drew up the plans and handled all the negotiations and reported back to the WMC committees. The work covered breakout
concrete to the end of the slipway, the insertion of 4 piles
with 2 walk on pontoons with cleats linked with 2 gangways
on Youngman's Board. This provided accommodation for 4
Since then the major change at Weybridge Mariners has been the establishment of moorings. This took a long period as agreements from the Environment Agency and the local council were required. Initial consent from the E.A. was obtained in 2010 but it was not until 2012 that Pat Walsh (Barge and Boat Builder and Civil Engineering Contractor) started work. Roger Francis was the WMC mainstay who drew up the plans and handled all the negotiations and reported
back to the WMC committees. The work covered breakout concrete to the end of the slipway, the insertion of 4 piles with 2 walk on pontoons with cleats linked with 2 gangways on Youngman's Board. This provided accommodation for 4 berths.
Later modifications to the gangways were
undertaken by Jim Hamment s.
Any errors or omisions in the above - please
contact the webmaster
following has been received via Bev Shields from
probably one of the
of the WMC still around.
The writer is Jonathan Cooke who now lives in Fort
Lauderdale, Florida. Reading the 1969 Newsletter on our
website from June Griffiths triggered many memories from the
Back in the Fifties and Sixties I lived with
my parent(s) Julie and 'Cookie' on a boat called MY 'Pisces' at
Weybridge Marine when Bob (Skip) Tappin, his wife and his son
Terry where alive. I know that Bob died a long time ago,
survived by Norah, his widow and by now
probably Terry Tappin
has also passed on .
ex wife Pauline Lucas passed away years ago. (Her parents, the
Lucas's, were part of WMC. They were old show biz music hall
another occasion Shiner, Drake, Cook (no Dillon)
went up the River Snape at Aldeburgh to the
Maltings on a high tide. On the way back downstream we ran into
bad weather, it was November. It turned into full gale force
storm and we put out to sea, at one point passing some top
secret installation on the
Suffolk coast. The North Sea was very unforgiving and
Piglet/Porcelet was tossed around for what seemed like
didn't think we would make it back alive.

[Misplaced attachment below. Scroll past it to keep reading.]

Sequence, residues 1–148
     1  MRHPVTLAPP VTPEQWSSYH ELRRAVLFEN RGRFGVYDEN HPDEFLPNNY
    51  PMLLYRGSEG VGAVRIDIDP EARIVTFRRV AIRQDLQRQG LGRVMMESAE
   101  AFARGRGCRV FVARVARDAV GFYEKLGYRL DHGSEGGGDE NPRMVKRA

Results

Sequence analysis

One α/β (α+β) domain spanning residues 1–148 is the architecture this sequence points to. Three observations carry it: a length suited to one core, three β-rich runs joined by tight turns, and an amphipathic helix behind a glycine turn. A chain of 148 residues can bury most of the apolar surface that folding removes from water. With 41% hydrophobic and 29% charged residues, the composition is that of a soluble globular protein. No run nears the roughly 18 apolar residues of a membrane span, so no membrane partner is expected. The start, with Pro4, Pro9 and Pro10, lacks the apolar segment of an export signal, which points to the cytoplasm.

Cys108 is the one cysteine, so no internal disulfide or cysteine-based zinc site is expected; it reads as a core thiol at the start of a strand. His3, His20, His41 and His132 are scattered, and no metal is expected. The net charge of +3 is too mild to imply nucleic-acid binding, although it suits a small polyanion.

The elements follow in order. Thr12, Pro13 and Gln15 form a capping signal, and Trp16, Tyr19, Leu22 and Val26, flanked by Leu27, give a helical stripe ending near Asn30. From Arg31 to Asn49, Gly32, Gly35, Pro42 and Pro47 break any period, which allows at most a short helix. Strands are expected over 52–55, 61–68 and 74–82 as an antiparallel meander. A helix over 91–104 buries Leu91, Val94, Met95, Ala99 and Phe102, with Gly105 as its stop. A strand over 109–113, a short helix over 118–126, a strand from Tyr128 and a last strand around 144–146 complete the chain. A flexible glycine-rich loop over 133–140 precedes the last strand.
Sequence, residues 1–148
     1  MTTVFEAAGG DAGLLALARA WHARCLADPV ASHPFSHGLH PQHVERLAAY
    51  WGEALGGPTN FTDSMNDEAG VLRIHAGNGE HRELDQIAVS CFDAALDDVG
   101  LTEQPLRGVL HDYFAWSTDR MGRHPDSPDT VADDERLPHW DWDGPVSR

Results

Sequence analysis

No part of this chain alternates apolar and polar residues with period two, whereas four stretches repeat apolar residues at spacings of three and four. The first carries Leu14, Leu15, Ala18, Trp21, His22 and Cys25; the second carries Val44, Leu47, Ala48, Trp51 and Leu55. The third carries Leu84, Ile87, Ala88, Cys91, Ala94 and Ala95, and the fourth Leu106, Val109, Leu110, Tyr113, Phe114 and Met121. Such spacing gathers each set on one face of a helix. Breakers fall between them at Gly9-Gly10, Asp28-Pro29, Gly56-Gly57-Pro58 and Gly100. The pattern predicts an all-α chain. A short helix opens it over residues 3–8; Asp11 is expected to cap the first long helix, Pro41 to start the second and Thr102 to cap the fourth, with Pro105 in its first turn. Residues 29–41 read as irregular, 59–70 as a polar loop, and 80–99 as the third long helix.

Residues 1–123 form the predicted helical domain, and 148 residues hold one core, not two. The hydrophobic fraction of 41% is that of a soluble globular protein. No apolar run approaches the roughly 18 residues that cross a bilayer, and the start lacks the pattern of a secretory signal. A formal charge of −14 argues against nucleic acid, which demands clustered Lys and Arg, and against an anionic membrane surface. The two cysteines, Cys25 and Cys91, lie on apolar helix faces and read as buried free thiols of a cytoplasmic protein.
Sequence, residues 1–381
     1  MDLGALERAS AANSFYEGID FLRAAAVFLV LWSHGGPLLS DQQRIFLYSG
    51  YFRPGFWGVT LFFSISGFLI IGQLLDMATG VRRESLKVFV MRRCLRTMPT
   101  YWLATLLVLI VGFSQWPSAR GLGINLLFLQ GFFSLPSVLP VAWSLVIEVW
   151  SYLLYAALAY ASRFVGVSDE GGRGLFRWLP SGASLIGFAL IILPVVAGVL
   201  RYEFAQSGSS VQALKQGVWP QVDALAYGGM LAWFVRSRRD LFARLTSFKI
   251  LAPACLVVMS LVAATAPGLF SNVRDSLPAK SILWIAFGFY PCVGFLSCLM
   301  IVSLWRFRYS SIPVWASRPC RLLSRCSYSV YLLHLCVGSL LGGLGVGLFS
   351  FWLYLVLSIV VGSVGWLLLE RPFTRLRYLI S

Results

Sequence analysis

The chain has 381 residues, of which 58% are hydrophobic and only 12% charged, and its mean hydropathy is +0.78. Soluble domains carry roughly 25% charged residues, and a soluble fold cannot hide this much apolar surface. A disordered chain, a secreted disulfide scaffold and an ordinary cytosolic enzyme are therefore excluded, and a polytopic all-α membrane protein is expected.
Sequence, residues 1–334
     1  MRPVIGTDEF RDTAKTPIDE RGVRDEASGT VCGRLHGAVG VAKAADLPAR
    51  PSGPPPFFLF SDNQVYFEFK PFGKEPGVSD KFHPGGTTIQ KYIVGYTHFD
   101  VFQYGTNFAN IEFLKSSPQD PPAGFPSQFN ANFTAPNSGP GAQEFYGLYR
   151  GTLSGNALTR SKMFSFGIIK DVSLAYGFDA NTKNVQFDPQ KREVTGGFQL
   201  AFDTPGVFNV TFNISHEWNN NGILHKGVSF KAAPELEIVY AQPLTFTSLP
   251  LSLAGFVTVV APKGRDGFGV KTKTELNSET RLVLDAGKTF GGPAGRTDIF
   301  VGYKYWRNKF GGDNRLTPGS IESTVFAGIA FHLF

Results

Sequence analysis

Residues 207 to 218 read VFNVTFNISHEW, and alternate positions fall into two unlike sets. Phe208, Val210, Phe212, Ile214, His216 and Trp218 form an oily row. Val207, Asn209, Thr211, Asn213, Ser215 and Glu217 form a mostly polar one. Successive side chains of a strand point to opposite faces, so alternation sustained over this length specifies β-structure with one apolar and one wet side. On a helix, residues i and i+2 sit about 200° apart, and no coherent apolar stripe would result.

The Amy Jane
The following information from Vic Lundberg was passed to me last year (2012) by Bev Shields which may be of interest. It relates to the WMC ferry that we had prior to the 'Len Outtrim'.
This boat was fitted out by her first owner in Uxbridge and was called Maria Catalina
She was purchased from him by Don Creese,
Past Commodore of
For 21 years they travelled extensively in
her under her new name "Amy Jane". She was moored on and
travelled the Wey Navigation. Their travels included the greater
part of the
In 1987 she was purchased by Arthur Brooks,
Past Commodore, for his daughter and then sold to Ian Bond in
In February 1990 Ian's property in Laleham Reach was destroyed in a flash flood and Amy Jane sank at her moorings. On the 26th March.
Don Khaan and Arthur Bond salvaged the boat for Ian. Ian intimated that he would be prepared to sell her for a nominal sum and Don suggested to the Committee that the Club purchase Amy Jane and use her as a dory.
On the 3rd April Arthur Bond offered to pay for her and the Committee agreed to her conversion into a dory
Roy Vincent brought her down from Chertsey at the beginning of June and by the 19th June Michael Walker had dug out all the silt from the innards , Don Khaan had got the engine running and Maurice Coster had removed the interior woodwork.
In July Don and Joan Creese sent a message wishing her safe journeys in her new capacity as Club Dory.
By the 20th August Maurice Coster had fitted new decking.
Don Khaan and Terry Tappin pulled her up on Terry's slipway in Weybridge Marine for refurbishment in September. Roy and Frank Vincent covered the cabin and deck with fibre glass, Bill Tandy painted the hull and Terry Francis anti—fouled the bottom. Terry Tappin and Don Khaan fitted a rubber rubbing strip, Maurice Coster made and fitted the engine casing and steps. The name W.M.C. FERRY was applied.
She was launched in October 1990 and her
first work as W.M.C.Ferry was for the Laying Up Supper on
In January 1995 during flood waters Amy Jane holed herself on the new bollards outside the Clubhouse Don Khann and Paul Killick happened to spot this and with aid of the Thames Police from next door managed to pull her up the Club slipway where she was eventually patched and returned to service.
For the record - the following Members gave their services
Maurice Coster Terry Tappin
Don Khaan Paul Killick
Terry Tappin Maurice Coster
Michael Walker Bill Tandy
Roy Vincent Vic Lundberg
Terry Francis Roy Vincent
Frank Vincent William Tandy
Vic Lundberg Bruce Caunter
Tea ad infinitum — Grace Coster.